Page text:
A ghost story may be any piece of fiction, or drama, or an account of an experience, that includes a ghost, or simply takes as a premise the possibility of ghosts or characters' belief in them. Colloquially, the term can refer to any kind of scary story. In a narrower sense, the ghost story has been developed as a short story format, within genre fiction. It is a form of supernatural fiction and specifically of weird fiction, and is often a horror story. While ghost stories are often explicitly meant to be scary, they have been written to serve all sorts of purposes, from comedy to morality tales. Ghosts often appear in the narrative as sentinels or prophets of things to come. Whatever their uses, the ghost story is in some format present in all cultures around the world, and may be passed down orally or in written form.
Around the worldEdit
In "Some Remarks on Ghost Stories" (1929), M. R. James identifies five key features of the English ghost story, as summarized by Prof. Frank Coffman for a course in popular imaginative literature:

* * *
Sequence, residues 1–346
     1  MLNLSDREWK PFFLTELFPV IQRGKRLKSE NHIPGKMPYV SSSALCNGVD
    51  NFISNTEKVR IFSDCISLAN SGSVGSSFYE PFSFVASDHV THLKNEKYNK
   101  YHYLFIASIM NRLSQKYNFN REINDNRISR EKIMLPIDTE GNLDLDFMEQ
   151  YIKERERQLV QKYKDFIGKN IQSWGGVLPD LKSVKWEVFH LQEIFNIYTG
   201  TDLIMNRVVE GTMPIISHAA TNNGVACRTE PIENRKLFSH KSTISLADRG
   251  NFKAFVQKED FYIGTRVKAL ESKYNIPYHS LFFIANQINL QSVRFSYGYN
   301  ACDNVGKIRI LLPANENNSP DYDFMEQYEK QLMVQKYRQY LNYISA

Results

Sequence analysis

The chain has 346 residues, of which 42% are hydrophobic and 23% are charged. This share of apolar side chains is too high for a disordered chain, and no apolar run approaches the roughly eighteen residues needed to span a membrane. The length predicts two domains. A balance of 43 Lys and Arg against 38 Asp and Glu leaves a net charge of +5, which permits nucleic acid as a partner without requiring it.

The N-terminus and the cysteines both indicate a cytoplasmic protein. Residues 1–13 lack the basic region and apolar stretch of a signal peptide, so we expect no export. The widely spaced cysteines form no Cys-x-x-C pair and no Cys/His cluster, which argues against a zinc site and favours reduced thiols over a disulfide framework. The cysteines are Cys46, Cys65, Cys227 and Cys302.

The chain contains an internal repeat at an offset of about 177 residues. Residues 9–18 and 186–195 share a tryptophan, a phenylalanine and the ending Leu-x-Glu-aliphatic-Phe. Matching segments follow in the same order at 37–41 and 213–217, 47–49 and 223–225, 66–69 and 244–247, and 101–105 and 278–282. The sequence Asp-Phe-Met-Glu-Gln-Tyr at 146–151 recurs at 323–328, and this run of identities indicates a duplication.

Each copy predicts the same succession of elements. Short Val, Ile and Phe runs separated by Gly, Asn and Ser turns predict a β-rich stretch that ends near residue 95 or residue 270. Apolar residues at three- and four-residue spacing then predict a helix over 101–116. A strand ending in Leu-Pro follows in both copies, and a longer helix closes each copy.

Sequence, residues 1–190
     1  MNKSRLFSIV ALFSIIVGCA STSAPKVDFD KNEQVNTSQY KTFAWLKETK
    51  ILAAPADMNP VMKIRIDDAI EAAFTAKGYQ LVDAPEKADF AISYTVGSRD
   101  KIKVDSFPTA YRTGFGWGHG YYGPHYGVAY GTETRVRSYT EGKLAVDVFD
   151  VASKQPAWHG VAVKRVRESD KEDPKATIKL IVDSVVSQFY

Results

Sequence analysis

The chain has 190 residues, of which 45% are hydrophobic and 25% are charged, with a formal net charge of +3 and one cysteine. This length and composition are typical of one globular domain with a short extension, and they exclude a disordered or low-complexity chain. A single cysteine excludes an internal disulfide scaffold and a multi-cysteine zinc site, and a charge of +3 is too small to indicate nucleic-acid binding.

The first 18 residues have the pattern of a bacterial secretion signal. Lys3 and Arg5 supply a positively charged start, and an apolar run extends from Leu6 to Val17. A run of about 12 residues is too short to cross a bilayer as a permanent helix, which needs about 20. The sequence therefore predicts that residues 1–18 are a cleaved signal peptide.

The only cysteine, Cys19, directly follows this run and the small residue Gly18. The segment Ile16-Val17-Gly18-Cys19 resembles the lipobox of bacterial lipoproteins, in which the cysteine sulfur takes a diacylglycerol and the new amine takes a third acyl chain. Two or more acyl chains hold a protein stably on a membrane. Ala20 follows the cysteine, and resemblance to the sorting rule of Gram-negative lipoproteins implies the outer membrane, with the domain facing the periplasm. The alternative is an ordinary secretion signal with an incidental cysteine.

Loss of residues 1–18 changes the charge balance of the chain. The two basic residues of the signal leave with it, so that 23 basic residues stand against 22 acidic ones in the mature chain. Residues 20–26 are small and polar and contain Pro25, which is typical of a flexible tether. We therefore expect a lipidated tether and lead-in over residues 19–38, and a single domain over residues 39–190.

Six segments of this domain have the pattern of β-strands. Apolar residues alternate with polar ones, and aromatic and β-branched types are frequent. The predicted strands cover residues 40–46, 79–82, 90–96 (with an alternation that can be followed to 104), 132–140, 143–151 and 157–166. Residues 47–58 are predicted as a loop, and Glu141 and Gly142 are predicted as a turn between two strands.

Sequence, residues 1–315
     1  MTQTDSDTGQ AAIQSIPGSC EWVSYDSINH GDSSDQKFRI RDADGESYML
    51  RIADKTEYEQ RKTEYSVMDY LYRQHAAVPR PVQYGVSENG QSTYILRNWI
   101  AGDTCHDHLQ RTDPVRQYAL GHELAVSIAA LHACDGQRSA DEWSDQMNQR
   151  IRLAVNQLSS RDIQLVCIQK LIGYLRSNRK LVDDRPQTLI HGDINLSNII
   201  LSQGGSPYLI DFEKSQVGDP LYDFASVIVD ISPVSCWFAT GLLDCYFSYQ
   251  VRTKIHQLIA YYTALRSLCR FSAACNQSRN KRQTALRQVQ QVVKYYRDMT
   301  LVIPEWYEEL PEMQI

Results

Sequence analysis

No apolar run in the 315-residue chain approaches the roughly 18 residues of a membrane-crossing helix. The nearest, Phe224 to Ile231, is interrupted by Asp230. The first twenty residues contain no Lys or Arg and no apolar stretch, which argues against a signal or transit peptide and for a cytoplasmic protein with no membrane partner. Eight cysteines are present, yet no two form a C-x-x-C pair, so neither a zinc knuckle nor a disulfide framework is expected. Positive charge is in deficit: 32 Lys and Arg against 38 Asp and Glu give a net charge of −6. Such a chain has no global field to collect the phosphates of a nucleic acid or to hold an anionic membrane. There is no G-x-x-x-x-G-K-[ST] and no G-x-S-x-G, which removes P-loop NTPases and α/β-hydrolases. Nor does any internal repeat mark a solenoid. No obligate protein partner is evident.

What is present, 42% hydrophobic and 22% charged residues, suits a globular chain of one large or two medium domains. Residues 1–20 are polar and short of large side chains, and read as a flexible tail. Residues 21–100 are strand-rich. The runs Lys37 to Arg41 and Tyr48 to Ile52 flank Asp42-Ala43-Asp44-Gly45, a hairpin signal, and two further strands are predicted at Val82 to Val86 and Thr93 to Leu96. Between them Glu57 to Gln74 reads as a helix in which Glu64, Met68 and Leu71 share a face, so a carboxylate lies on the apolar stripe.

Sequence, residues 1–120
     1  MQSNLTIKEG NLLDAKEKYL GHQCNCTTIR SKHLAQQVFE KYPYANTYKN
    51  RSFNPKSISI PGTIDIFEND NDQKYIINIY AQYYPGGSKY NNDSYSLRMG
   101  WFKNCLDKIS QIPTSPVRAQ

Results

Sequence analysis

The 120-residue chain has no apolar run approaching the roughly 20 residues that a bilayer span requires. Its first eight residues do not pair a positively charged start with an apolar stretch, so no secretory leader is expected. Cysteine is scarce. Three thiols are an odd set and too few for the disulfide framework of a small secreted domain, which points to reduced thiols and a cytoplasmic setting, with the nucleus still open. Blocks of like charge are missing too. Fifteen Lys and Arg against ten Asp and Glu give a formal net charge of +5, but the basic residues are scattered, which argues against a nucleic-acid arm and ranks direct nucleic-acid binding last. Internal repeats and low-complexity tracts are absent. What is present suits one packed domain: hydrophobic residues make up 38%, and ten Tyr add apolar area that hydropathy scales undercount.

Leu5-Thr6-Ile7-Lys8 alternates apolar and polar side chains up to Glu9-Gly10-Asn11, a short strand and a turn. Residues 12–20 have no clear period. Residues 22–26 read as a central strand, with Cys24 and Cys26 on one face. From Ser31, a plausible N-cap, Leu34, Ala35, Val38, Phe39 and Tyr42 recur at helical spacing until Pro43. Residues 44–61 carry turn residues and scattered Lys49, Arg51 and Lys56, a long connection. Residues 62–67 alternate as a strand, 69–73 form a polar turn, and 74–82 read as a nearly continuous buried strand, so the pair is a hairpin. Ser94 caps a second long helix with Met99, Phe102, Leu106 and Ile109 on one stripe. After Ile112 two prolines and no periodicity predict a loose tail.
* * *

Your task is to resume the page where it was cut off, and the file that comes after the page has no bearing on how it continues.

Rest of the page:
- The pretense of truth
- "A pleasing terror"
- No gratuitous bloodshed or sex
- No "explanation of the machinery"
- Setting: "those of the writer's (and reader's) own day"
The Arabian Nights contains a number of ghost stories, often involving jinns, ghouls and corpses. Other medieval Arabic literature such as the Encyclopedia of the Brethren of Purity also contain ghost stories.
The "Vikram and Betal" is a collection of ghost stories narrated by the ghost, "Betal".
- Felton, D. Haunted Greece and Rome: Ghost Stories from Classical Antiquity, University of Texas Press, 1999.
- Ashley, Mike, Editor. Phantom Perfumes and Other Shades: Memories of GHOST STORIES Magazine, Ash-Tree Press, 2000.
- Medieval ghost stories : an anthology of miracles, marvels and prodigies / comp. and ed. by Andrew Joynes, Woodbridge: Boydell press, 2003.
- Locke, John, Editor. Ghost Stories: The Magazine and Its Makers: Volumes 1 & 2, Off-Trail Publications, 2010.